Monsters are different from characters in that they can have all sorts of different special abilities and qualities. Each of these is tied closely to the creature's concept, allowing it to fill a specific role in the game. For examples, look at monsters in this book. Monsters should use abilities from the Universal Monster Rules whenever possible, instead of creating new yet similar abilities—when you do create new abilities, use the Universal Monster Rules as a template for how to present and create the new abilities.
Most special abilities that cause damage, such as breath weapons, give a save (Fortitude, Reflex, or Will depending on the ability). The DC for almost all special abilities is equal to 10 + 1/2 the creature's Hit Dice + a relevant ability modifier (usually Constitution or Charisma depending on the ability). Special abilities that add to melee and ranged attacks generally do not allow a save, as they rely on the attacks hitting to be useful.
Special senses and resistances to certain energy types are common in creatures of CR 5 and lower. Damage reduction, energy immunities, and regeneration are more common in creatures above CR 5. Spell resistance and immunities become more common above CR 10. As a general rule a creature's spell resitance should equal its CR + 11.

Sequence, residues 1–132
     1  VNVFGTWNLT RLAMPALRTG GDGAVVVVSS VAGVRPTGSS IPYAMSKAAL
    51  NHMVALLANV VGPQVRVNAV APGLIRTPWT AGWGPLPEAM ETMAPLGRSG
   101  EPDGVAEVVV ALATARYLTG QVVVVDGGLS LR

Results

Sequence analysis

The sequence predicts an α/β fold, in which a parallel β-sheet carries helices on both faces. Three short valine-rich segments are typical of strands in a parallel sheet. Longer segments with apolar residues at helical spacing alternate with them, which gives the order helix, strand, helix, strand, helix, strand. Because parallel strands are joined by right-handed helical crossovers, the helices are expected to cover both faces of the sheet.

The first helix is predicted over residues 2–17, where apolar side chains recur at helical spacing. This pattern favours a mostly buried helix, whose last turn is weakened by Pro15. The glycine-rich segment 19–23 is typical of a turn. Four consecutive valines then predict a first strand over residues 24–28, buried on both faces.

|CR||XP||Slow GP||Medium GP||Fast GP|
|1/8||50 XP||20 gp||35 gp||50 gp|
|1/6||65 XP||30 gp||45 gp||65 gp|
|1/4||100 XP||40 gp||65 gp||100 gp|
|1/3||135 XP||55 gp||85 gp||135 gp|
|1/2||200 XP||85 gp||130 gp||200 gp|
|1||400 XP||170 gp||260 gp||400 gp|
|2||600 XP||350 gp||550 gp||800 gp|
|3||800 XP||550 gp||800 gp||1,200 gp|
|4||1,200 XP||750 gp||1,150 gp||1,700 gp|
|5||1,600 XP||1,000 gp||1,550 gp||2,300 gp|
|6||2,400 XP||1,350 gp||2,000 gp||3,000 gp|
|7||3,200 XP||1,750 gp||2,600 gp||3,900 gp|
|8||4,800 XP||2,200 gp||3,350 gp||5,000 gp|
|9||6,400 XP||2,850 gp||4,250 gp||6,400 gp|
|10||9,600 XP||3,650 gp||5,450 gp||8,200 gp|
|11||12,800 XP||4,650 gp||7,000 gp||10,500 gp|
|12||19,200 XP||6,000 gp||9,000 gp||13,500 gp|
|13||25,600 XP||7,750 gp||11,600 gp||17,500 gp|
|14||38,400 XP||10,000 gp||15,000 gp||22,000 gp|
|15||51,200 XP||13,000 gp||19,500 gp||29,000 gp|
|16||76,800 XP||16,500 gp||25,000 gp||38,000 gp|
|17||102,400 XP||22,000 gp||32,000 gp||48,000 gp|
|18||153,600 XP||28,000 gp||41,000 gp||62,000 gp|
|19||204,800 XP||35,000 gp||53,000 gp||79,000 gp|
|20||307,200 XP||44,000 gp||67,000 gp||100,000 gp|
|21||409,600 XP||56,000 gp||84,000 gp||126,000 gp|
|22||615,000 XP||70,000 gp||105,000 gp||158,000 gp|
|23||820,000 XP||88,000 gp||132,000 gp||198,000 gp|
|24||1,230,000 XP||110,000 gp||165,000 gp||248,000 gp|
|25||1,640,000 XP||138,000 gp||208,000 gp||312,000 gp|
A creature should have an amount of treasure appropriate to its CR. See Table: XP and GP Values by CR for a list of treasure totals based on CR. For some creatures, their treasure consists of the loot from their recent meals strewn across their lairs, while for others it consists of a greed-fueled hoard or even gear it uses in combat. Make sure to account for any weapons or armor that the creature is using, as determined by step 7.
Now that you have all of the creature's statistics sorted out, it's time to fill in all the details—such as name, alignment, space, reach, environment, and ecology—as you see fit.